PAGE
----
FAA Decision Preserves Business Aviation Access at Santa Monica Airport

Discrimination against certain aircraft would have violated commitments made when the city accepted federal funds for the airport.


WASHINGTON, D.C. — The National Business Aviation Association (NBAA) welcomes a decision from the Federal Aviation Administration (FAA) finding that the City of Santa Monica cannot ban certain types of business airplanes from Santa Monica Airport (SMO).

"We welcome this decision from the FAA," says NBAA President and CEO Ed Bolen. "Access to community airports is fundamental to the companies of all sizes that rely on business aviation to succeed, and we will continue working to preserve business aviation access to Santa Monica and other airports."

In 2008, the city attempted to enact a ban on operations by "Category C and D" aircraft at SMO, and in May 2008, the FAA issued a preliminary ruling, finding that the city lacked the authority to restrict aircraft operations.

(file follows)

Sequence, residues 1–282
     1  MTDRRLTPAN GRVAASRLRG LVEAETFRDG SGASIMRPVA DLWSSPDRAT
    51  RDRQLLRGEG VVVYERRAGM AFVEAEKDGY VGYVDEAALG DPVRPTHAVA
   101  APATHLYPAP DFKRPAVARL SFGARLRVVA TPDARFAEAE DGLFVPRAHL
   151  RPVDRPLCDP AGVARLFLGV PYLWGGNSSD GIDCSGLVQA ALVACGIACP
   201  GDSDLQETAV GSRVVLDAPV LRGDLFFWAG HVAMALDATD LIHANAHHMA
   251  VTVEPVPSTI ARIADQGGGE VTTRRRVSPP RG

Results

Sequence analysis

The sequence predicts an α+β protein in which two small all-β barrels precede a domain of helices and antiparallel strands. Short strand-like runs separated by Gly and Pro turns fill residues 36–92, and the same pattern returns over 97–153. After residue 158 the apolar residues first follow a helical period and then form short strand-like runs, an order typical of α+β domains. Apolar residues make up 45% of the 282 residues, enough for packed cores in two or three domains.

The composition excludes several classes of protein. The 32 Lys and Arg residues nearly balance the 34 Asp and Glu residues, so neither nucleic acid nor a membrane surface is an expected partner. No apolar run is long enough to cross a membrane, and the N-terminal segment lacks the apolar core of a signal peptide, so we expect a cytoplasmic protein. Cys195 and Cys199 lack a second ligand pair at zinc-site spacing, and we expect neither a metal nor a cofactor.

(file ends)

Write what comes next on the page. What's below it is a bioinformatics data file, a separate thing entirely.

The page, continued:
After considering two appeals to the FAA's decision brought by the City, the 57-page opinion issued by the agency late last week affirms that its initial ruling was correct, and clarifies the FAA's reasoning. Notably, the new decision explains that the city's controversial ban "unjustly and unreasonably" discriminates against certain aircraft, which in turn would violate commitments (also known as "grant assurances") made by Santa Monica when the city accepted federal funds for the airport.

"We are pleased the FAA has taken a strong stand on behalf of the business aviation community," says Bolen. "Business aviation generates jobs and provides a transportation lifeline for communities across the country. The recent ruling from the FAA ensures that Santa Monica and other places can continue to benefit from business aviation."

A copy of the FAA determination is available by clicking here.

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